Traumatic Brain Injury (TBI)

What is a Traumatic Brain Injury?

In some ways, a TBI is the most straight-forward mental health concern there is. It’s when any outside force impacts the head hard enough to cause the brain to move within the skull or when the force causes the skull to break and directly hurts the brain. TBIs vary based on severity and cause. The more severe the injury, the more serious and long-term the effects will be. When in doubt, get professional help as soon as possible.

What causes a TBI?

Unlike other mental health conditions, there are two very clear ways a TBI may occur. Work with a medical professional or team of professionals to determine the extent of the injury and get your child or loved one the help they need.

  • Direct blow to the head or to the brain:
    Common causes are motor vehicle accidents, firearms/bullets, falls, sports, or physical violence.
  • Rapid acceleration & deceleration:
    These actions cause stress and pull apart nerve fibers, which damage brain tissue. Common causes are motor vehicle accidents or physical violence, such as Shaken Baby Syndrome.

What TBI symptoms can I look for?

If your child suffers a traumatic brain injury, there may be consequences in many areas. We’re separating them into cognitive (thinking) changes, behavior changes, and sensory changes. Some of these will be obvious and others will require observation and/or cooperation from you and your child. Once a medical professional like someone from our team is involved, they will help you identify the changes and use them to determine the severity of the TBI and the best treatment plan.

  • Cognitive changes:
    Memory, decision making and planning, sequencing and organization, judgment, attention and perception, communication, reading and writing skills, thought processing speed, problem solving skills, self-perception, thought flexibility, safety awareness, dizziness, or ability to learn new things
  • Sensory changes: 
    Blurred vision, new sensitivity to light/sound, ringing in their ears, loss of the sense of smell, or a bad taste in their mouth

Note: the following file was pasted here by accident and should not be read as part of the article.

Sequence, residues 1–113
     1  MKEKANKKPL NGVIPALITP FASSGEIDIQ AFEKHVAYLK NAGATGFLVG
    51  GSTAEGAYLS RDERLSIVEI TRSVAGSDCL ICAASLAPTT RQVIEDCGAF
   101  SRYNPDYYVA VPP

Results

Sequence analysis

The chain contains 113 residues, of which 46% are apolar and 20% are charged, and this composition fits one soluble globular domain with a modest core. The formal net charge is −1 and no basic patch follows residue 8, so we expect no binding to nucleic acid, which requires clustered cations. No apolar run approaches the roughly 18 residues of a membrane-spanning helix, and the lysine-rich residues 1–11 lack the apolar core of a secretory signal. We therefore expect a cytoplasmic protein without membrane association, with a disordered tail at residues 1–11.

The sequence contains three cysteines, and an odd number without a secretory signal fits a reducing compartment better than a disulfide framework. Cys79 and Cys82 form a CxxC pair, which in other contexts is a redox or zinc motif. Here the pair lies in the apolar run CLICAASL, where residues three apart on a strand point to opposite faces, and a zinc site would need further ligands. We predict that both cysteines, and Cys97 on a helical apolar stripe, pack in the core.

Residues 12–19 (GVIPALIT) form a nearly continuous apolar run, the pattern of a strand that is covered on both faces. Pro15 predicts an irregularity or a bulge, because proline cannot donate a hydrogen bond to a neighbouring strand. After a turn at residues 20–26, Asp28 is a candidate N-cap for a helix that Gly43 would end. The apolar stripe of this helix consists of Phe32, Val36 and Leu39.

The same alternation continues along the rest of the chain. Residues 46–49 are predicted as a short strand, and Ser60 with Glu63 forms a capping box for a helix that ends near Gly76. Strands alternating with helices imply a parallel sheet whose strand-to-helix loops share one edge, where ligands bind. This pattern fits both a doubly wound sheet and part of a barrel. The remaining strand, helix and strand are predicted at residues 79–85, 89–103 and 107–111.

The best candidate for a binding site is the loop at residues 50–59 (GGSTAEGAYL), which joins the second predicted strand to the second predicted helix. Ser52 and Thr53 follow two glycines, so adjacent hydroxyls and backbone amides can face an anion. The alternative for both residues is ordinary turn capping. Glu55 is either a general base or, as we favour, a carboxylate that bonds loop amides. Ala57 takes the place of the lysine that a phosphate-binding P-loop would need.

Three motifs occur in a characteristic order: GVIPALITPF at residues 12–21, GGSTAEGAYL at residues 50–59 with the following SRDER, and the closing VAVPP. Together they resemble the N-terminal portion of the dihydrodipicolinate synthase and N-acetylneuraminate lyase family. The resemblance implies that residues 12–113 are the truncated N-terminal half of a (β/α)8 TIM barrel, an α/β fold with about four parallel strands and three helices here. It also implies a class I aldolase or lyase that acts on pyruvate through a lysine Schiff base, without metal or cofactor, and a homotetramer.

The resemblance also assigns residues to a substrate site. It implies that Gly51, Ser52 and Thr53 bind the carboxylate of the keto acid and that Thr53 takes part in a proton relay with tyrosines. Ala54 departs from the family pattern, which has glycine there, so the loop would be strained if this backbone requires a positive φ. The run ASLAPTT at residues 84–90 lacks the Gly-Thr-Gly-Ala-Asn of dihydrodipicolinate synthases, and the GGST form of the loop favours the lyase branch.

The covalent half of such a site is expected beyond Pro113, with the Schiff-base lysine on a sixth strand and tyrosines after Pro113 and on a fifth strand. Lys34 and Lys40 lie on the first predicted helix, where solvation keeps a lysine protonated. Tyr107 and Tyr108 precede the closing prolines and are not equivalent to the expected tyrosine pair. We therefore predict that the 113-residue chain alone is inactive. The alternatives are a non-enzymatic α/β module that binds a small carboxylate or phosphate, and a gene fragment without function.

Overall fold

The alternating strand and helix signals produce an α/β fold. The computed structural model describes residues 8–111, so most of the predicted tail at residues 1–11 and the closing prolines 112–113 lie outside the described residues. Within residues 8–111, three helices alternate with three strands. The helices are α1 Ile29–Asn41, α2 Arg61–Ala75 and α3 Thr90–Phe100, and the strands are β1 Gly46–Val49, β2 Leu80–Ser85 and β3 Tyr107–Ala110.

• Behavior changes:
    Loss of consciousness at time of injury, social skills, emotional control, mood swings, self-monitoring the appropriateness of remarks and actions, reduced self-esteem, depression, irritability and agitation, anxiety, frustration, stress, denial, self-centeredness, anger management, coping skills, low motivation, or excessive laughing or crying

How is a TBI treated?

If your child has suffered a head injury of almost any kind, get help immediately. If you’re not sure, ask a trusted professional. Our team and others are always prepared to help.

When it comes to caring for someone with a TBI, there may be many healthcare professionals involved including neurology, psychiatry, physical therapy, speech therapy, occupational therapy, cognitive rehabilitation, and applied behavior analysis. This team works together to understand the full impact of the TBI and to determine the best treatment plan for your child or loved one. Most commonly, the TBI treatment plan will include medications and a combination of therapies to achieve the best outcomes.

We know the phrase “traumatic brain injury” is intimidating enough without thinking it may apply to someone you love. It’s okay to be scared or worried. TBIs are no joke, but there is help available. Please ask us any questions you have. It’s important for you to have all the information you need to feel comfortable with the role you’ll play in your child’s recovery. We’re here for you.

What should I do next?

If you believe your child or loved one has suffered a traumatic brain injury or if you just need to talk to someone who knows about dealing with TBIs, call us. Two other logical people to contact in this situation are:

  • Pediatrician or primary care physician
  • Mental health specialist

(720) 583-2382